So today was an education, in more ways than one. First lesson was never trust your brother in law when he says we’re going out for a walk in the lakes, come along bring your radio; it not going to be anything heavy duty… Second lesson was always be prepared, and if there are ‘two’ SOTA summits nearby make sure you activate both of them; now remember this as I did actually say ‘two’ summits. 

So it was a 3:30 am start, now this in itself is not a good start. I don’t do early mornings but this is the middle of the flipping night man ! Anyway we headed off to the lakes and duly ended up at the Wastwater car park around 7am. We then set off for Scafell. 

 

Chris (my brother in law) had a plan to ‘not take the normal’ routes and to try and get to the summit via what looked like a gulley called ‘Lords Rake’ which all seemed feasible. After all he had it planned and we had a map etc.. Happy days. 

Some where along the way we got kind off track as it were and actually ended up on the opposite side of the gulley to Lords Rake, what did that mean.. well. It meant we had to scale to the summit of Scafell via what I believe is called ‘Deep Crag’. This wasn’t exactly walking it was more like rock climbing! The walls of the crag were wet and slippery from the night before and this made even more sketchy.

That said, we made it ! The celebration at the top was part elation and part relief! 

So about the radio / SOTA stuff, well remember I said ‘two summits’ right?

Well Scafell was in the SOTA database as G/LD-002 and I operated from the top and activated this ‘summit’ with about 6 contacts as we only had a very brief time up there before heading on…Where to you ask ?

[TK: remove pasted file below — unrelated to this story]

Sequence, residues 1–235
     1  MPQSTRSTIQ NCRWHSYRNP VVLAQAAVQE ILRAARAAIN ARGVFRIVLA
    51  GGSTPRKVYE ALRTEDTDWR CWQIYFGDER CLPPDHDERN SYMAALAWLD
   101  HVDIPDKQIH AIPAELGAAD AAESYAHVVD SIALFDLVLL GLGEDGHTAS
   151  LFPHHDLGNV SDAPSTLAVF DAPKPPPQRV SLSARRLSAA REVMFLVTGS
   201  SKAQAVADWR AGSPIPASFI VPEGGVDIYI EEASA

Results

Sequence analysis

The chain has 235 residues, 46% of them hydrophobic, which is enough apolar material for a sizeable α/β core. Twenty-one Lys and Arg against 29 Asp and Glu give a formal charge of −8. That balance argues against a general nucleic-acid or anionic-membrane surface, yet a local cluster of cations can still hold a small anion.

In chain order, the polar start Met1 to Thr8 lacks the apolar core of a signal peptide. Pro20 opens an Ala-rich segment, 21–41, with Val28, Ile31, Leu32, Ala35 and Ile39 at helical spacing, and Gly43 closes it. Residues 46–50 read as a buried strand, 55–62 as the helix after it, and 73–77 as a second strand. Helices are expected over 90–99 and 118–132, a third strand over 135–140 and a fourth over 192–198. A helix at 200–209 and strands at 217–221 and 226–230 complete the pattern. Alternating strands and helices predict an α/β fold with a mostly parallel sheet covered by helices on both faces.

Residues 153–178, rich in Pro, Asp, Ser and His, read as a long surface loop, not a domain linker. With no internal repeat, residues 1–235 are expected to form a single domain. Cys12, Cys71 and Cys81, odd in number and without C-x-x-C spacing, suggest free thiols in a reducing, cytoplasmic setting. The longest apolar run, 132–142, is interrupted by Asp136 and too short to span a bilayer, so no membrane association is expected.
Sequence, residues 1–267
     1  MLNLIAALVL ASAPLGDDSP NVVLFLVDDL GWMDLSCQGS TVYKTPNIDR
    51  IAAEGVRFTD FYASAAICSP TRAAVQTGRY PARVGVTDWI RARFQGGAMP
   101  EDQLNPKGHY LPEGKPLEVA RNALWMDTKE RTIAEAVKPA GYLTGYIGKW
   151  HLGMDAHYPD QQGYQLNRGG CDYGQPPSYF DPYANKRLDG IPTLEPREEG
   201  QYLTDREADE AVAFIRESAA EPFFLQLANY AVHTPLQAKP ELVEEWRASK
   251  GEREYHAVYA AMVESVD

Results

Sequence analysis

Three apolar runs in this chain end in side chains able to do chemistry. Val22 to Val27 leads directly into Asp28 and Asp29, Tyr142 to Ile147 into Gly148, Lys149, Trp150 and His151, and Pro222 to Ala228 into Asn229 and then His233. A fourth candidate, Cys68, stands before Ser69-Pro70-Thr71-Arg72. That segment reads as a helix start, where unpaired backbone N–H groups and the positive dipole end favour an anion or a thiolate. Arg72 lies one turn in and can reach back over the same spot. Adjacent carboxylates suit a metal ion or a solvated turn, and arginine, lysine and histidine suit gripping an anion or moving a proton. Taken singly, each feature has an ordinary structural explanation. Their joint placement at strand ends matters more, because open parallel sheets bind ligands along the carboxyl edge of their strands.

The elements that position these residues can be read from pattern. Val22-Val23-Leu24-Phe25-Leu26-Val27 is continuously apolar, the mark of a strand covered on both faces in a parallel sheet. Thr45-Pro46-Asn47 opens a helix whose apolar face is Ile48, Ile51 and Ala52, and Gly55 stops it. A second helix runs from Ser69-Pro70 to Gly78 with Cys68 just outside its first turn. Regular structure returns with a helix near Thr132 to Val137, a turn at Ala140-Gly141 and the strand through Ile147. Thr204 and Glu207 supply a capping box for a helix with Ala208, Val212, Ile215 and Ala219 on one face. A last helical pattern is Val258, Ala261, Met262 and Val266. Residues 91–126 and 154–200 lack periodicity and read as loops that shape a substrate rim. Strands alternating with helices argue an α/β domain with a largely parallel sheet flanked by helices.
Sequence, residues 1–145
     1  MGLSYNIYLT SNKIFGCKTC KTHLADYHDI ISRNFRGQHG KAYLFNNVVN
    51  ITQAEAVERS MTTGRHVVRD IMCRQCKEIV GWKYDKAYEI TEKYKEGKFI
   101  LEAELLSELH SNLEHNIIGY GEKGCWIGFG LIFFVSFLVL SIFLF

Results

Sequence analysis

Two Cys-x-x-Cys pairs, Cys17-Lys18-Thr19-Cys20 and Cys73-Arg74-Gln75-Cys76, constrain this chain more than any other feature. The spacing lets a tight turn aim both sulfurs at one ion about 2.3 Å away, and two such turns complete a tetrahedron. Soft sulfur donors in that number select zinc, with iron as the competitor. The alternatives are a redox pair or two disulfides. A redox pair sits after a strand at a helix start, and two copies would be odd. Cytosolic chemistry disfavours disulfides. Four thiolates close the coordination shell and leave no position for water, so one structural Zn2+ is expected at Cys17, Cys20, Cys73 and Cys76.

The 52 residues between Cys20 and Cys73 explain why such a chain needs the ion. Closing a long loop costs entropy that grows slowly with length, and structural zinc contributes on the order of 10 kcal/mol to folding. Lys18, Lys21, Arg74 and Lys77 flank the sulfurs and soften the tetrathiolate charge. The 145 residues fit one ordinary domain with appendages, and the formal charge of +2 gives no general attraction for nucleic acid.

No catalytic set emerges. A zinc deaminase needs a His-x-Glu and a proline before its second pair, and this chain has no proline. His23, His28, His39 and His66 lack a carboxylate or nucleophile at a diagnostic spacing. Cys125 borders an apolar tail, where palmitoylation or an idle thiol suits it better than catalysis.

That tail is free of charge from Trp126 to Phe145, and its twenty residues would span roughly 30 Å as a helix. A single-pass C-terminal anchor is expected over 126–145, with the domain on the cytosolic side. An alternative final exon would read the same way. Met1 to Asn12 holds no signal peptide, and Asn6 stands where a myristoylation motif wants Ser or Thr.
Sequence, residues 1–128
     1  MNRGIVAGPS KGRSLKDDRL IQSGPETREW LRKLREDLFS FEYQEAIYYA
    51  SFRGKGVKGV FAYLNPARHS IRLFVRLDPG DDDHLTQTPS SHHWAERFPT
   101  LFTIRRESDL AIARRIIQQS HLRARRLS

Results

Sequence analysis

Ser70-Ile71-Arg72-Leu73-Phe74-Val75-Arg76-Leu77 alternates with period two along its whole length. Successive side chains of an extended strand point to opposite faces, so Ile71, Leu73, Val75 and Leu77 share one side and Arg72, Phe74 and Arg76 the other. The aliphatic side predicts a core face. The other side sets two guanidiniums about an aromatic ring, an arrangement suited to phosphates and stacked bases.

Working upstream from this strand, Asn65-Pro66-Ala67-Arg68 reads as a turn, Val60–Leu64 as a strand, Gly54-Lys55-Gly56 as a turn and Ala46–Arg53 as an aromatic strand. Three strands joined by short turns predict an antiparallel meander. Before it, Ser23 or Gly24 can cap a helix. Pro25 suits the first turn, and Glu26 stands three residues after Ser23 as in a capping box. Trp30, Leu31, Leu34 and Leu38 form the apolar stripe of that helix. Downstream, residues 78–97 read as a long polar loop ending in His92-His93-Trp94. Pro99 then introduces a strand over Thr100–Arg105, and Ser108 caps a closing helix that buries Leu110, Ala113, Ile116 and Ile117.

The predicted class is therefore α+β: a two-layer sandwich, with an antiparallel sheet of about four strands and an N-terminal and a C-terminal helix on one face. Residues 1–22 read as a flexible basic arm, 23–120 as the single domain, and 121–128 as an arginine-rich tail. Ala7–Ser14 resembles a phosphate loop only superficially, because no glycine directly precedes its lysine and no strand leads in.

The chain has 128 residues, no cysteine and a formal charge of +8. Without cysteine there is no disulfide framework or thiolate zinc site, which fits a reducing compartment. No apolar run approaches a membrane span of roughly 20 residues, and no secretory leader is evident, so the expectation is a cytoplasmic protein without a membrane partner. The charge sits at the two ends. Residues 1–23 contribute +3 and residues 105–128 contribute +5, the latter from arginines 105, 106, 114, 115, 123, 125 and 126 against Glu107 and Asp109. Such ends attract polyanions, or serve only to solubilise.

Well across the way we could see Scafell Pike and the plan was to get across there and then come back via Lingmell Gill. 

Now Scafell Pike has quite a decent path defined up from the valley floor and doesn’t look to be too much of a climb, the only issue was we were not on the valley floor we were on Scafell. This link here will give you and idea of what we had to come.. 

We headed off Scafell and duly made our way back to Lords Rake which was just over from where we climbed up deep crag to get to the first summit, and yes you guessed it we had to descend Lords Rake… Not good. Very precarious with lots of loose rock and slippery surfaces with next to no hand holds. 

That said we managed it, scary ? Yes. Hard work? Yes. We then headed off to Scafell Pike via Mickledoor which wasn’t too bad and gave us some great views! Scafell Pike is a 10 point summit (G/LLD-001) which actually has a fairly well defined path up to it that attracts lots of visitors. Except we decided to take the brother in laws scenic route as I have said! Once at the top I didn’t have long as we had planned to descend via Lingmell and we had yet to eat lunch!

Never the less 2M came good and I managed 9 contacts total with 1 summit to summit contact with David (G0EVV/P) who was on G/LD-003.

So as it turns out Scafell is now NOT a SOTA summit despite it being more difficult to ascend than the pike and I only found this out when I got home and tried to upload my log. It has been DOWNGRADED ! to a hump in the HEMA Awards scheme. A Hump !! Can you believe that ! 

I’m glad I activated both peaks today or I would have 1 measly HEMA point for a 20 hour day out walking !! 

Here is the brief list of QSO’s for today 
MW6ISC : Op – Steve : Wales  
2E0MOW / M : Chris : Unknown 
G0EVV / P : Op – David : Helvellyn G/LD-003 (S2S) 
G6NHW / A : Op – Pete : Unknown 
M0LKO : Op – Andrew : Ulverston 
M6XVE : Op – Sheri : Ulverston 
G4YLB : Op – Jim : Unknown 
GM3 VMB : Op – Peter : Lockerbie 
2E0LDF : Op – Reg : Cockermouth 

Steve Nelson
2E0EFP